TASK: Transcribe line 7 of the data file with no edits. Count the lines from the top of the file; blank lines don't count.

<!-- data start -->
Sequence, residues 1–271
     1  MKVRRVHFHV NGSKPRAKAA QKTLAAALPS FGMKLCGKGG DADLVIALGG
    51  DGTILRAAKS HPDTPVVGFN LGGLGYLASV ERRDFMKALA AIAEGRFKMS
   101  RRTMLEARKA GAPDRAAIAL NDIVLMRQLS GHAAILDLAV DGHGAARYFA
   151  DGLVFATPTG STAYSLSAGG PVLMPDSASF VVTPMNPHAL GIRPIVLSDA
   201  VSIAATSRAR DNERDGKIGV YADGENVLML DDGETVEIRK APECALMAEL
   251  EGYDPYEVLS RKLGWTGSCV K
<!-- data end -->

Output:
   251  EGYDPYEVLS RKLGWTGSCV K